Chainospilios or Marmarospilios cave

Chainospilios or Marmarospilios cave

The Cave Chainospilios is located 200 meters away from the village Kamaraki. The cave is also called Marmarospilios, while many locals call it "Labyrinth".

The entrance of the cave is on a steep cliff. It is a long narrow cave with galleries that are part of an old underground river bed. The cave is still active in most parts. Its length is 200 meters and there is a parallel gallery with a length of 120 meters, which is richly decorated. The cave is developed in limestone of the Miocene (12 million years ago).

The narrow and descending entrance makes the access to the cave difficult for inexperienced cavers.However, the impressive decor inside rewards the visitor. Massive stalagmite columns with more than 6m height, but also many small and large stalagmites, adorn the cave.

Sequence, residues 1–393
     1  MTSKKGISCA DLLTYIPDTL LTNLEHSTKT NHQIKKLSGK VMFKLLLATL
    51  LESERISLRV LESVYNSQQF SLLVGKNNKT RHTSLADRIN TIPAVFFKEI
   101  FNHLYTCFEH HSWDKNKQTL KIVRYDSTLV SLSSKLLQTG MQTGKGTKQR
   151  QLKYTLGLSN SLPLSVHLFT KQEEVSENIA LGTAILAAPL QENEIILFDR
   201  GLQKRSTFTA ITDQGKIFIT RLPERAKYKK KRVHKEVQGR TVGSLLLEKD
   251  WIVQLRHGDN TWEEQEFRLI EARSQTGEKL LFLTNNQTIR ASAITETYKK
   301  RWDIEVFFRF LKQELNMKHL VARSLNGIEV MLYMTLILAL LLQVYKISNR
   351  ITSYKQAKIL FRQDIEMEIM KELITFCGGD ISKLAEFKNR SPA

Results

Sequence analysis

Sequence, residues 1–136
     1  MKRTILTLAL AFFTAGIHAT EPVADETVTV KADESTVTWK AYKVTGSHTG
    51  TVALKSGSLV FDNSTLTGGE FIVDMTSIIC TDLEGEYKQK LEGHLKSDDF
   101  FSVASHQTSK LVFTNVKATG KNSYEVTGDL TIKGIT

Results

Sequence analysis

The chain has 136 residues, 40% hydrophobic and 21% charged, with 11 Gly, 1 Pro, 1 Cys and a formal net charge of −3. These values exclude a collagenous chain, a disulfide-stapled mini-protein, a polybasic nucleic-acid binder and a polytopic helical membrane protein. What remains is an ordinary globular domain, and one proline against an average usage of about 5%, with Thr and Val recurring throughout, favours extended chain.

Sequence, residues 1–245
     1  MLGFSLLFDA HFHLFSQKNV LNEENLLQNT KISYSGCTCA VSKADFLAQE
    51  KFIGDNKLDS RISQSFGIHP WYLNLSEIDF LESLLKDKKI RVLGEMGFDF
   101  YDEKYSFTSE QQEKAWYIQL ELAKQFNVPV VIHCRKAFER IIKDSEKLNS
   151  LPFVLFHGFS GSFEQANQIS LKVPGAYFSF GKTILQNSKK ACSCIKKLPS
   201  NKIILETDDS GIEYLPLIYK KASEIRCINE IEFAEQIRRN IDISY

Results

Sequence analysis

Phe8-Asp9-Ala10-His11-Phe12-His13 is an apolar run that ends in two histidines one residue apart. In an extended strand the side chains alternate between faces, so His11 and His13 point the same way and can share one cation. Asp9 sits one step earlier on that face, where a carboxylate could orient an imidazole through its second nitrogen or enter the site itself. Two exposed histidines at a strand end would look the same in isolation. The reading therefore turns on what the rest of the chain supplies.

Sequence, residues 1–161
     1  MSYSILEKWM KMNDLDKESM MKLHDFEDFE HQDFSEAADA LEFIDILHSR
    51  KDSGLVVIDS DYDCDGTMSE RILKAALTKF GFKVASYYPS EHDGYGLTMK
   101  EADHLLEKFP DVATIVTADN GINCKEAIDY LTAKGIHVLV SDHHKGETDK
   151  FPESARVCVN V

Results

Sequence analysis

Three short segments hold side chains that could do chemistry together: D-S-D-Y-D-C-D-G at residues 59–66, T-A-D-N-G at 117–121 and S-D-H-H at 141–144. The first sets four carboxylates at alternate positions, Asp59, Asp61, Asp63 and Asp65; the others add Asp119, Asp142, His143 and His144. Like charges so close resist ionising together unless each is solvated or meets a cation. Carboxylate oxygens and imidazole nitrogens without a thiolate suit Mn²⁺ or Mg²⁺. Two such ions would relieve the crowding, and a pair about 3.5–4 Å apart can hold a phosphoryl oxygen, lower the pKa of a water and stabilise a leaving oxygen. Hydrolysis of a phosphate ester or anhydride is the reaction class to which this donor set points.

Chainospilios means the Cave of Chainides, the Cretan rebels, who used it as their base (in Turkish “chain” means insurgent - rebellious). The cave was the shelter of the famous rebel Captain Palmetis (1790-1834) from Kamaraki, who was an awesome terminator of the Turks and used the cave as a hideout.

The cave served as a refuge for the inhabitants of the region during the Turkish occupation. A local story says that a priest from Kamariotis revealed the cave position to the Turks. They opened a hole in the roof and set fire, but the residents moved to the back of the cave and smoke could not affect them.

In 1866, the revolutionary committee of the fight for freedom and the Provisional Government of Crete (which was set by the General Assembly of Crete in February 1867) settled in the cave. In December 1868, Turks surrounded the cave to capture members of the committee and take over the village. They captured and killed many, but did not manage to occupy the village. Once again, during the German Occupation, Chainospilios served the national resistance.